E4. The eight files (from left to right for White and from right to left for Black) are indicated by the small letters, a, b, c, d, e, f, g and h, respectively.
E5. The eight ranks (from bottom to top for White and from top to bottom for Black) are numbered 1, 2, 3, 4, 5, 6, 7 and 8, respectively. Consequently, in the initial position the white pieces and pawns are placed on the first and second ranks; the black pieces and pawns on the eighth and seventh ranks.
E6. As a consequence of the previous rules, each of the sixty-four squares is invariably indicated by a unique combination of a letter and a number.
E7. Each move of a piece is indicated
by (a) the first letter of the name of the piece in question and (b)
the square of arrival. There is no hyphen between (a) and (b). Examples:
Be5, Nf3, Rd1.
E8. When a piece makes a capture, an
x is inserted between (a) the first letter of the name of the piece
in question and (b) the square of arrival. Examples: Bxe5, Nxf3, Rxd1.
E9. If two identical pieces can move
to the same square, the piece that is moved is indicated as follows:
E10. If two pawns can capture the same piece or pawn of the opponent, the pawn that is moved is indicated by (a) the letter of the file of departure, (b) an x, (c) the square of arrival. Example: If there are white pawns on squares c4 and e4 and a black pawn or piece on the square d5, the notation for White's move is either cxd5 or exd5, as the case may be.
E11. In the case of the promotion of a pawn, the actual pawn move is indicated, followed immediately by the first letter of the new piece. Examples: d8Q, f8N, b1B, g1R.
E12. The offer of a draw shall be marked
Sample game: 1.d4 Nf6 2.c4 e6 3.Nc3 Bb4 4.Bd2 0-0 5.e4 d5 6.exd5 exd5 7.cxd5 Bxc3 8.Bxc3 Nxd5 9.Nf3 b6 10.Qb3 Nxc3 11.bxc3 c5 12.Be2 cxd4 13.Nxd4 Re8 14.0-0 Nd7 15.a4 Nc5 16.Qb4 Bb7 17.a5 ... etc.
F. Rules for play with Blind and Visually Handicapped
F1. Tournament directors shall have
the power to adapt the following rules according to local circumstances.
In competitive chess between sighted and visually handicapped players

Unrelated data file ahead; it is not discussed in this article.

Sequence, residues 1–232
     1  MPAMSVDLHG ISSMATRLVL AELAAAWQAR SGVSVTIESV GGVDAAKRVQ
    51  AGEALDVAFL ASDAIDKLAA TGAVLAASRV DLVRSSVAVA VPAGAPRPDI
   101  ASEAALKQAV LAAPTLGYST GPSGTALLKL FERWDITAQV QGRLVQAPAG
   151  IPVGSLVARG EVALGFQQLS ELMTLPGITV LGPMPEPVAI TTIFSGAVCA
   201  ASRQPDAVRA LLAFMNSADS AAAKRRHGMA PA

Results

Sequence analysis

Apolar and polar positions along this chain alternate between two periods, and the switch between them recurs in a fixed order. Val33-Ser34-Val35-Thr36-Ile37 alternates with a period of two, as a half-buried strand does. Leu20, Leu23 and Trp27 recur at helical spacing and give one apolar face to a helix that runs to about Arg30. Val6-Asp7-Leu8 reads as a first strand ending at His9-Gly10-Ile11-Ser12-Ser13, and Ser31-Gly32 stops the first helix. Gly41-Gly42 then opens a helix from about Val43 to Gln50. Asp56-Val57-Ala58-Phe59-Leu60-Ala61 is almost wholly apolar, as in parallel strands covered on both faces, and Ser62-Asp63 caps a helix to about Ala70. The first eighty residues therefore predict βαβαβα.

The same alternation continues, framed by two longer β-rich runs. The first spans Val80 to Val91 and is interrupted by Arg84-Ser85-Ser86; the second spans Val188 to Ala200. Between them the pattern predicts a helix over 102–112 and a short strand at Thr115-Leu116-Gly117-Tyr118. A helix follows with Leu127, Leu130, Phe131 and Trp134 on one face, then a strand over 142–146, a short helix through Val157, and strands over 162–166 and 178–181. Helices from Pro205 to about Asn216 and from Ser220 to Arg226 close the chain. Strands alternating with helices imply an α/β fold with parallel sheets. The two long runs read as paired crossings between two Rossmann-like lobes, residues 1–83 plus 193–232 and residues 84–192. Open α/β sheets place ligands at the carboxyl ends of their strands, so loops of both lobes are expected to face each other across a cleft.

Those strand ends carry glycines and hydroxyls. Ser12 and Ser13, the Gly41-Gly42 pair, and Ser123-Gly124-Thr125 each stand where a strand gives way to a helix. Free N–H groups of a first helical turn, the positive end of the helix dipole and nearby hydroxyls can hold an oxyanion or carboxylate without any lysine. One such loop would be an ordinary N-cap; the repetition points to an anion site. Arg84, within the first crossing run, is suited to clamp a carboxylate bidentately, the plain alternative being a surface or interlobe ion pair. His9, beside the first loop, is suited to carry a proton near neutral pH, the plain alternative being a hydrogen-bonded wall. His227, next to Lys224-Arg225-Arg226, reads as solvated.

(legally blind) either player may demand the use of two boards, the
sighted players using a normal board, the visually handicapped player
using one specially constructed. The specially constructed board must
meet the following requirements:
F2 The following regulations shall govern
2. On the visually handicapped player's board a piece shall be considered "touched" when it has been taken out of the securing aperture.
3. A move shall be considered "executed"
4. A specially constructed chess clock
for the visually handicapped shall be admissible. It shall incorporate
the following features:
5. The visually handicapped player must keep score of the game in Braille or longhand or record the moves on a tape recorder.
6. A slip of the tongue in the announcement of a move must be corrected immediately and before the clock of the opponent is started.
7. If during a game different positions should arise on the two boards, they must be corrected with the assistance of the controller and by consulting both players' game scores. If the two game scores correspond with each other, the player who has written the correct move but executed the wrong one must adjust his position to correspond with the move on the game scores.
8. If, when such differences occur and the two game scores are found to differ, the moves shall be retraced to the point where the two scores agree and the controller shall readjust the clock accordingly.
9. The visually handicapped player shall
have the right to make use of an assistant who shall have any or al
of the following duties: